Let's say I do a simple shell command like ls. Is there some way to directly pipe the output into a new vim buffer, so that I could edit it in place or just have a look at it.

Basically like less + the ability to edit it and directly save it in some place on the system?


2 Answers 2


You can do this from directly inside of vim with the :read command, which is abbreviated to :r The 'read' command is intended to allow you to read a file, e.g.

:r foo.txt

Will insert the contents of foo.txt after your current cursor position.

From :help :r

                            *:r* *:re* *:read*
:r[ead] [++opt] [name]
            Insert the file [name] (default: current file) below
            the cursor.
            See |++opt| for the possible values of [++opt].

However, you can read a command that outputs to STOUT just as if it was a file. To call the external command, just prepend an exclamation mark. This gives us:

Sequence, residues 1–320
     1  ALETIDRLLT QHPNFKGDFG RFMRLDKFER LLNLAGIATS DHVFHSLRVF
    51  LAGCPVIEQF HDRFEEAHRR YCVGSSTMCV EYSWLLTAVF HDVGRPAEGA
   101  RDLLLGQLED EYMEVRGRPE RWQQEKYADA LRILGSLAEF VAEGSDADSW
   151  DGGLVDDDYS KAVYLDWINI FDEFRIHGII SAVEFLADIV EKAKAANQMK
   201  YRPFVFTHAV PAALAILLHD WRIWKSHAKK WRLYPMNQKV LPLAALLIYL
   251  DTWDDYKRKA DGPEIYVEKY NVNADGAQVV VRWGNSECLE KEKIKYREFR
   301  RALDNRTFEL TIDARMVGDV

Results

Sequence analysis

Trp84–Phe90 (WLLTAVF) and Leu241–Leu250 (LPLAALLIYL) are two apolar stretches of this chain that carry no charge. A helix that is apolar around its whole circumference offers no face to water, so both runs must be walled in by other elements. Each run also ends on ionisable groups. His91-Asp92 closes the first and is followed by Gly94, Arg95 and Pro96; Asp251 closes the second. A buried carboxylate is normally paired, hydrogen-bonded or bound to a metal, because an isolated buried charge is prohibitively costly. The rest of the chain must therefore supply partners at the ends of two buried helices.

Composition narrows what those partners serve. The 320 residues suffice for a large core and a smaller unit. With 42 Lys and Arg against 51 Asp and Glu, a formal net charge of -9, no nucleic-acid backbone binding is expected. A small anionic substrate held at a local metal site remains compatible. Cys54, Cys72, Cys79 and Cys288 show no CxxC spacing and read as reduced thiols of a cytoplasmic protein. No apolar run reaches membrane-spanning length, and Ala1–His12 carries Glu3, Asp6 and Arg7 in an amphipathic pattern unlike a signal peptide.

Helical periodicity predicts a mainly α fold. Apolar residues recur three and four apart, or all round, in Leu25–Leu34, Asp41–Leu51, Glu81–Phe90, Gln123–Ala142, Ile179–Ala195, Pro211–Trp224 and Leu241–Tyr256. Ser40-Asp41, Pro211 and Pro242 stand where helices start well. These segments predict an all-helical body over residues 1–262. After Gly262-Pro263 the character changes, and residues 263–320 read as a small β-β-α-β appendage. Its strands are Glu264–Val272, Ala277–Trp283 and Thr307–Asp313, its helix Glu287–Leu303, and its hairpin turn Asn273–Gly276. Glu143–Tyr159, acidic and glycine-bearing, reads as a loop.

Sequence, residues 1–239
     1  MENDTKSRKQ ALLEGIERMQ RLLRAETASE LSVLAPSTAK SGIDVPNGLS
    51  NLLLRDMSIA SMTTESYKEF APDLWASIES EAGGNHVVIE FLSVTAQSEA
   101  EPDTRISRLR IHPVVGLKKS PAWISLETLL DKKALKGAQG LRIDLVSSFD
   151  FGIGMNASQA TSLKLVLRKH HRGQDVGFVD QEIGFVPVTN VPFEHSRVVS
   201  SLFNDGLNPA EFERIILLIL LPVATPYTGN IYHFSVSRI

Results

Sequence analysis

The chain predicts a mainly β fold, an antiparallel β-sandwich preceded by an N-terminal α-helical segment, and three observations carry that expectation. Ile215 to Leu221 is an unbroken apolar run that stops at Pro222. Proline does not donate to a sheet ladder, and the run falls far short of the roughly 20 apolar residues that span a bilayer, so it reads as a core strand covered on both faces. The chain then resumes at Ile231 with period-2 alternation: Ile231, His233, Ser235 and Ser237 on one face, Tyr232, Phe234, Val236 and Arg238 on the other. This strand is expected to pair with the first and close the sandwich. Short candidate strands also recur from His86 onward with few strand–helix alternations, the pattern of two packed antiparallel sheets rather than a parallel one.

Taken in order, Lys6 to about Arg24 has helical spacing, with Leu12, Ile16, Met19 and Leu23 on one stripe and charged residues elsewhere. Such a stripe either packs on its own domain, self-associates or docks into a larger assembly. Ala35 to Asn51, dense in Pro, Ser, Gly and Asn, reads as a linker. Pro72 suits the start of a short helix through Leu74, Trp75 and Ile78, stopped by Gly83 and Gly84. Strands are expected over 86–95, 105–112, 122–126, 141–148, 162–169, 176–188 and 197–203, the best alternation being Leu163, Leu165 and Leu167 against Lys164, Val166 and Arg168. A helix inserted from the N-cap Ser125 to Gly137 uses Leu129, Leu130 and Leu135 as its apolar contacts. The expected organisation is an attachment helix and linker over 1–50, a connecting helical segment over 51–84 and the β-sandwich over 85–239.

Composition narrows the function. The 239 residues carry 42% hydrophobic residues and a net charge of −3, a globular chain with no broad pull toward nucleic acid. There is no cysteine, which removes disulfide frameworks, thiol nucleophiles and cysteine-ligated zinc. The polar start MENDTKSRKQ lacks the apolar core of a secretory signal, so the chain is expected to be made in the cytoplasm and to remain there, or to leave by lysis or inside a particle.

:r !ls

You can also do this from the terminal before you start vim by using pipes. For example

ls | vim

However, you must explicitly tell vim to read from STDIN, which can by starting vim with a - at the end.

ls | vim -

From :help --`

-       This argument can mean two things, depending on whether Ex
        mode is to be used.

        Starting in Normal mode: >
            vim -
            ex -v -
        Start editing a new buffer, which is filled with text
        that is read from stdin.  The commands that would normally be
        read from stdin will now be read from stderr.  Example: >

If you want to just get the input from a terminal command, then just do the following

ls | vim -

Same for any other command output you want to pipe to Vim. If you want to read the output you can use read or r as already mentioned. You can also use the dot (.) to do the same. So doing this,

: . !ls 

will give the same result as using read. Similarly for inserting date,

: . !date

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